Second, there is the sense of spontaneity. Japan being a nation subject to earthquakes, tsunamis and typhoons has a reverence for the destructive potential that Nature holds. So this sense imbues a respect to Nature, that it's powerful and cannot be restrained. Equally, spontaneity captures the momentary beauty that exists in Nature, as demonstrated by Japan’s affinity with cherry blossom. Japan forecasts the arrival of blossoms in Spring and Autumn leaves so people know when to watch the cherry trees. The fall of the cherry blossom is the most treasured time, as this most purely captures the momentary beauty. This sense enhances the respect of Nature, not just for its beauty but for its quality to grow and change.

These holistic philosophies of Nature resonate around the world, in the Southern Africa idea of ‘Ubuntu’, in the late Vietnamese philosopher Thich Nhat Hanh’s concept of Interbeing. Even the word animal has roots in the Latin ‘anima’ for soul. This is not to say that Western thinking is wrong - scientific thinking has granted incredible knowledge of species and habitats. Rather that it helps to be intellectually humble, and integrate diverse insights from other bodies of knowledge for a richer worldview. Then we can see and value the wood for the trees.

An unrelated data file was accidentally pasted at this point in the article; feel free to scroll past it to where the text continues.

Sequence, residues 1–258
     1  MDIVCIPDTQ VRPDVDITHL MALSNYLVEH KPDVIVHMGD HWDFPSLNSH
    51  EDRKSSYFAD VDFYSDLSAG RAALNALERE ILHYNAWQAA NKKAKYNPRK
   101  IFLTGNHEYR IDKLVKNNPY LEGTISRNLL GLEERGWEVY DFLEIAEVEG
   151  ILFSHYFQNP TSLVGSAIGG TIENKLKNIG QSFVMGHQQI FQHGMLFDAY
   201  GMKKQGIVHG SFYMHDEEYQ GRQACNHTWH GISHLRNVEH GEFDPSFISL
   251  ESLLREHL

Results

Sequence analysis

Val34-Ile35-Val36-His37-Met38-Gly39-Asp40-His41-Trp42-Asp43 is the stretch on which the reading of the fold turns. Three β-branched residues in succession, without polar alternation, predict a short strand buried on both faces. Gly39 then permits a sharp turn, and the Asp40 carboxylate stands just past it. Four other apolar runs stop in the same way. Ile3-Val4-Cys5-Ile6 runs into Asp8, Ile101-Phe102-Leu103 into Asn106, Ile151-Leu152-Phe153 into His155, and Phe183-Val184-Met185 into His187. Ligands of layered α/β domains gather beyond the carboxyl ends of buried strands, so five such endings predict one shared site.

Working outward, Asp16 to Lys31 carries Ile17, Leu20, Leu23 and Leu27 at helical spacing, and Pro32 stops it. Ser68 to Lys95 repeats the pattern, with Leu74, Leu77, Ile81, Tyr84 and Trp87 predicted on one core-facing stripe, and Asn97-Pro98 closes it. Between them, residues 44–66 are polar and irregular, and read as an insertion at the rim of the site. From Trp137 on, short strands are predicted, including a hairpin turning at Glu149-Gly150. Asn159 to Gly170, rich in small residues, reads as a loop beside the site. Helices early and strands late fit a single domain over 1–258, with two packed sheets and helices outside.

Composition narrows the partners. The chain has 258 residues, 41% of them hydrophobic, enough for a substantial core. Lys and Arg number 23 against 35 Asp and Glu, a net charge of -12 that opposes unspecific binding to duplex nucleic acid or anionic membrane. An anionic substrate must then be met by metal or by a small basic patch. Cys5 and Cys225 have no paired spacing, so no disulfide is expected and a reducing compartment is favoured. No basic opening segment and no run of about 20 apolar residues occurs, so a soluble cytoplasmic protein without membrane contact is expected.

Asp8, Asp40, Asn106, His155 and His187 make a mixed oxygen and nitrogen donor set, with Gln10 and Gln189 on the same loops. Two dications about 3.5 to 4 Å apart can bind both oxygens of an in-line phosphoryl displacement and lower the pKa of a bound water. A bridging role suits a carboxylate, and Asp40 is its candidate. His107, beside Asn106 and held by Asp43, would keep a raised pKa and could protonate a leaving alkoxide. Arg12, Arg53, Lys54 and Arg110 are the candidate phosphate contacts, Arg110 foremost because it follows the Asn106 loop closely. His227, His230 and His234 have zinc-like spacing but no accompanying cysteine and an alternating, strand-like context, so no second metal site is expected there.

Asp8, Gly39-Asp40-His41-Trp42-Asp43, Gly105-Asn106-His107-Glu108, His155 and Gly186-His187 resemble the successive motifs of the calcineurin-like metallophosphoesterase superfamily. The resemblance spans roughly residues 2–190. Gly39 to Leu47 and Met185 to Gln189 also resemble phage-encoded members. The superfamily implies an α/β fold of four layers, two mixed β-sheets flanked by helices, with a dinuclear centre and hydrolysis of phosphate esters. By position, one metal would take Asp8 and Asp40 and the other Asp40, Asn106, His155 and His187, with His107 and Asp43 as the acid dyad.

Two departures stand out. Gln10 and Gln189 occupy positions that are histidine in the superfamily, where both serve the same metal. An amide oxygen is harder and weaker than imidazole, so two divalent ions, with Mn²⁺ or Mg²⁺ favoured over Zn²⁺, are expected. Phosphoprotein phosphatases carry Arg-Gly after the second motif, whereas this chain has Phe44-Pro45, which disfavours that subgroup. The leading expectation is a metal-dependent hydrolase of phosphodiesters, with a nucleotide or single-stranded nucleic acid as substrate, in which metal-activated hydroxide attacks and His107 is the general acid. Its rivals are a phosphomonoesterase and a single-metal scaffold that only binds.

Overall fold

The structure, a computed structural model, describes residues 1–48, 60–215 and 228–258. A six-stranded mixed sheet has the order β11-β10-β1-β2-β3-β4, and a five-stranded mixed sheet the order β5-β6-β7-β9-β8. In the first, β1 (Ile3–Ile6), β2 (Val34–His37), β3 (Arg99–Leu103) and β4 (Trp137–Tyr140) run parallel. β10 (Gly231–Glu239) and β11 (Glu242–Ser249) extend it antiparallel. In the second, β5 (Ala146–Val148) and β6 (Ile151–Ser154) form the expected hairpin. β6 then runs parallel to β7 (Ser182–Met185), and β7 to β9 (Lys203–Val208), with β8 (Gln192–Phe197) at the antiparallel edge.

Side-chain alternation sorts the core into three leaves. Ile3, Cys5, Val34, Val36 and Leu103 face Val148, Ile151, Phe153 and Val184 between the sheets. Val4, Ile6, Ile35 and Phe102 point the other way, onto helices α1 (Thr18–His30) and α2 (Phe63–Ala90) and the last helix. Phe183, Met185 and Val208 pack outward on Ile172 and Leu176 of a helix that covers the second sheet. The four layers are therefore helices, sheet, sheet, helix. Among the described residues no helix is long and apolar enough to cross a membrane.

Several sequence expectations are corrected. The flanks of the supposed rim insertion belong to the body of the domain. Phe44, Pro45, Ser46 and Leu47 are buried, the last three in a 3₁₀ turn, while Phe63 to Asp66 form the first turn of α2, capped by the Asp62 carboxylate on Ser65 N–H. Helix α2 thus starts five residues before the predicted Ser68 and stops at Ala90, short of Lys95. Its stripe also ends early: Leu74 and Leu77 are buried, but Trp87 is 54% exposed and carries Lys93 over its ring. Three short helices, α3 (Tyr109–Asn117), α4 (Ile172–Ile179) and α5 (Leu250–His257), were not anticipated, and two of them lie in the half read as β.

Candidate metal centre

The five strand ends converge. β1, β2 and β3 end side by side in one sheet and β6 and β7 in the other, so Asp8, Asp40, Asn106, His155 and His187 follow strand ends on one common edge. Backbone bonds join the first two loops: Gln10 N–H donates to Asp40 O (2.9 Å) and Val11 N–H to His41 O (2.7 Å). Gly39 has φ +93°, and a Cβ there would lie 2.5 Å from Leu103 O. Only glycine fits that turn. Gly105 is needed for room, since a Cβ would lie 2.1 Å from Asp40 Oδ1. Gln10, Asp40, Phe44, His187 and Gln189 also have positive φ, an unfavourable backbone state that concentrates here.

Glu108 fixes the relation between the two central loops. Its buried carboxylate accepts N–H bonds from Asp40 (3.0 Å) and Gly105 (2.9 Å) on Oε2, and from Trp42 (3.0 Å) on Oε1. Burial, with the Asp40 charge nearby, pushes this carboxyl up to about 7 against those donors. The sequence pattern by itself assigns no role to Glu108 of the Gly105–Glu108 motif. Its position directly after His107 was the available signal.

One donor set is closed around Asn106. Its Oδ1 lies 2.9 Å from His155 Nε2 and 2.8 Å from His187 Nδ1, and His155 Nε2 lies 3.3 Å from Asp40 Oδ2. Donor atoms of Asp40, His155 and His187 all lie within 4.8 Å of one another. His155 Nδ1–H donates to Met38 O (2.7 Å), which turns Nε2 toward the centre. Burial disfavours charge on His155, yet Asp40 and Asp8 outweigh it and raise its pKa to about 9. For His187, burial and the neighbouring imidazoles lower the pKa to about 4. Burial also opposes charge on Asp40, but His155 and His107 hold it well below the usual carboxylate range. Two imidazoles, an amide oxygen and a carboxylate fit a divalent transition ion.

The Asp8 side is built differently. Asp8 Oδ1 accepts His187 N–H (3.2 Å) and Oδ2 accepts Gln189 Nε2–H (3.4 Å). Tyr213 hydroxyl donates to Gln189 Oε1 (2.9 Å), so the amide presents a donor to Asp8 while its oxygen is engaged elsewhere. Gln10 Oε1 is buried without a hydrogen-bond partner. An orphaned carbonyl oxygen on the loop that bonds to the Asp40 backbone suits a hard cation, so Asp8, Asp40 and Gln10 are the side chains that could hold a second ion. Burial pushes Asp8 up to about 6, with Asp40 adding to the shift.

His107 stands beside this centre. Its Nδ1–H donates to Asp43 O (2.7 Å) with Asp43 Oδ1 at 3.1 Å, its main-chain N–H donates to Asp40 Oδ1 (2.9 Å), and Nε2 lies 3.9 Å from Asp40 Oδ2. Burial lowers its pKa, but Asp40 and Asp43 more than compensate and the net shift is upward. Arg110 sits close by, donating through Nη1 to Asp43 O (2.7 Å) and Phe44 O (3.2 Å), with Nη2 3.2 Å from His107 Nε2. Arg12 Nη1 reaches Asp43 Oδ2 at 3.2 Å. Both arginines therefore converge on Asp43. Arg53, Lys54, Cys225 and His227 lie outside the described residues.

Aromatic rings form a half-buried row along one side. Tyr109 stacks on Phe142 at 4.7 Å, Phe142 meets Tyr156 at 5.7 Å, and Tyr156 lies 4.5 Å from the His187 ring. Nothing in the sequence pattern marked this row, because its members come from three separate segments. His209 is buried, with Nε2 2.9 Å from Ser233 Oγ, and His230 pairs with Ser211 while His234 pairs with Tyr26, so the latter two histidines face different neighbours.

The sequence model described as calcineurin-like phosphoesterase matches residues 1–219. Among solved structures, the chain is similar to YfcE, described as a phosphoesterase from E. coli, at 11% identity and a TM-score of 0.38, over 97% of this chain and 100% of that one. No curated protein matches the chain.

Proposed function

Experience the value of Nature

This brings us back to the woodland walk. I believe one of the best things to restore the value of Nature in your own mind is to be reminded of its power, complexity and beauty. The easiest way to do that is by going out in Nature. 

Nature may feel inaccessible for some, especially in London. Though there is always something you can do to add more wild to your life. Spend more time in the park, get a houseplant, join a community plot, volunteer with a conservation group, engage in some guerilla gardening. Nature is for everyone, so engage with it at whatever level you can. 

Notice the intricacies around you, the little things about plants and animals that surprise you. Relax into the calming effects of water bodies and green space. Let yourself have a sense of wonder at the scale of Nature, how beautifully and chaotically it interweaves with itself. Enjoy feeling small, and part of something bigger. 

Spending time with Nature is a great education. Not only do we come to understand it better, we can take lessons from Nature for our own lives. Such lessons include Nature being far more cooperative and exhibiting greater forms of intelligence than we give it credit. This brings us closer to the natural wisdom of other cultures - that Nature is important, and we are a key part of it. Better worldviews can then drive the policy and structural changes we need to finally reverse Nature losses. So let’s experience Nature, and go on to value it properly. 

Image from Unsplash: Nik Shuliahin